A personal and historical investigation of the career trends of UK graduate nurses qualifying between 1970 and 1989
Article first published online: 3 OCT 2002
Journal of Advanced Nursing
Volume 40, Issue 2, pages 199–209, October 2002
How to Cite
Ring, N. (2002), A personal and historical investigation of the career trends of UK graduate nurses qualifying between 1970 and 1989. Journal of Advanced Nursing, 40: 199–209. doi: 10.1046/j.1365-2648.2002.02362.x
- Issue published online: 3 OCT 2002
- Article first published online: 3 OCT 2002
- Submitted for publication 20 July 2001 Accepted for publication 24 June 2002
- Graduate nurses;
- nursing degrees;
- career trends;
Aim. To explore from a personal and historical perspective key career trends of UK graduate nurses qualifying between 1970 and 1989.
Background. During the 1970s and 1980s, graduate nurses qualifying from UK academic institutions with nursing and degree qualifications were a controversial minority. Concerns about their practical ability and role resulted in considerable quantitative research about graduate nurse careers. Whilst such research identified key graduate nurse career trends, these trends have yet to be explored from a qualitative perspective.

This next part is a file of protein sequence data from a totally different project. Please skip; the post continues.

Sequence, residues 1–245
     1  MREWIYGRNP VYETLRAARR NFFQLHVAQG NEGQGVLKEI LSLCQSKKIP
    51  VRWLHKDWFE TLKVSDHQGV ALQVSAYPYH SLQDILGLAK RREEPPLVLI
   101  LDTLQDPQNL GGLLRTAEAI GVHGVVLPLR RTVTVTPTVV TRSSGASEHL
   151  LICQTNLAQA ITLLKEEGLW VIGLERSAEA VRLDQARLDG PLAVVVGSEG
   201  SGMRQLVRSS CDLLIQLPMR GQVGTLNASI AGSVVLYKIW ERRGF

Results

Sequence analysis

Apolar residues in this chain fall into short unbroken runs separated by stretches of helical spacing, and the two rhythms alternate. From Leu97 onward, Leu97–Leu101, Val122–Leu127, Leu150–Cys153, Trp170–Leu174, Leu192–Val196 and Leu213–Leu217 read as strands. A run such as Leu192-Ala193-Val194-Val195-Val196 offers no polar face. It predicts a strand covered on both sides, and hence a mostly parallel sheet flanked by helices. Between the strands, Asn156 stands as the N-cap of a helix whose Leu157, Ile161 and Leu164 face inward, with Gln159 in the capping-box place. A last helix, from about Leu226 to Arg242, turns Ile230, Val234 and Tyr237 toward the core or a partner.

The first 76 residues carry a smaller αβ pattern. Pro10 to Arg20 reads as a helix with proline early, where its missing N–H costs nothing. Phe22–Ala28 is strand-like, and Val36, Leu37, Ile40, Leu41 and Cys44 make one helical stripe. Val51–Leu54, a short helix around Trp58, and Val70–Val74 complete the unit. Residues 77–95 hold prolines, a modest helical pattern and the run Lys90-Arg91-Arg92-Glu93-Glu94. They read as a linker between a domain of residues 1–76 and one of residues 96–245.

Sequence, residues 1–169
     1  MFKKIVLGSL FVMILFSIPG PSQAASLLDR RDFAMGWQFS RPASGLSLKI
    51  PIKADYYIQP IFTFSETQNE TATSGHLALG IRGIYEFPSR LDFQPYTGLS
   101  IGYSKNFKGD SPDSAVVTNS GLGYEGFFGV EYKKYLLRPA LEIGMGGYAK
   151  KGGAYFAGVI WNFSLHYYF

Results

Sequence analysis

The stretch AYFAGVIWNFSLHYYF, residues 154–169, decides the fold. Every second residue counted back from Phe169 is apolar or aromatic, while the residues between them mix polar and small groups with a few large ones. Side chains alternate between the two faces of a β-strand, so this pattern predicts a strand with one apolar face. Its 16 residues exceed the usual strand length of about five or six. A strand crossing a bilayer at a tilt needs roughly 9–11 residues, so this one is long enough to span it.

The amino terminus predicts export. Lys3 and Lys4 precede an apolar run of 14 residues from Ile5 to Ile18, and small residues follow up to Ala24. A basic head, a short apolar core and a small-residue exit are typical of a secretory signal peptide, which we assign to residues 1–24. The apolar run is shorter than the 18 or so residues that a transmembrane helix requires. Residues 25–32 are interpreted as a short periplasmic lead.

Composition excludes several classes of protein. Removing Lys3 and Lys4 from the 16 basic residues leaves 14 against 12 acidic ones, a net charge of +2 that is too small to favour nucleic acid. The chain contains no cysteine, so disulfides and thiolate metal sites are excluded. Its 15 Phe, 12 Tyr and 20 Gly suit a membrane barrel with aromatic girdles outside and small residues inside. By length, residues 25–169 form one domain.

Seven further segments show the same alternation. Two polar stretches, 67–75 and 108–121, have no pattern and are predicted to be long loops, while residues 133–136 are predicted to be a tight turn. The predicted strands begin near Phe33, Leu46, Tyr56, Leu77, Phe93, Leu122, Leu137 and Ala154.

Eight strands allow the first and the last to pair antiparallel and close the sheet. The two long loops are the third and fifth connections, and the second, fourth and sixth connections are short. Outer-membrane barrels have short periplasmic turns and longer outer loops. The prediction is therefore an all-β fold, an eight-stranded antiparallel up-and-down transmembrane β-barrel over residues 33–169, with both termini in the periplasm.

Design. This descriptive study used a phased approach: first, a literature review of earlier studies to identify key career trends of UK graduate nurses qualifying between 1970 and 1989, and second, an exploration of these trends from the perspective of six graduate nurses qualifying during this period using semi-structured interviews. Third, archival material was used to set career trends and interview data within their historical context.
Findings. The literature indicated that most graduate nurses remained clinically based, especially in community and intensive care, with few in senior posts above charge nurse/health visitor level (G-grade). Analysis of interview data revealed four major themes significantly influencing graduate nurse careers: wanting to be clinical nurses, the effect of organizational structures and systems, being a woman, and careers by accident not design.
Conclusion. Graduate nurses interviewed aspired to clinical posts, yet this was not what some in nursing expected of them during the 1970s and 1980s. The ability of these graduate nurses to fulfil personal career aspirations and develop their careers depended on many factors, not fully acknowledged in earlier studies. For example, organizational structures and systems often delayed fulfilment of career aspirations. Significantly, gender issues embedded within nursing adversely affected career progression of those interviewed, even in the 1990s. In particular, although nurses can combine work and family commitments, for those interviewed this was often at the expense of their career development.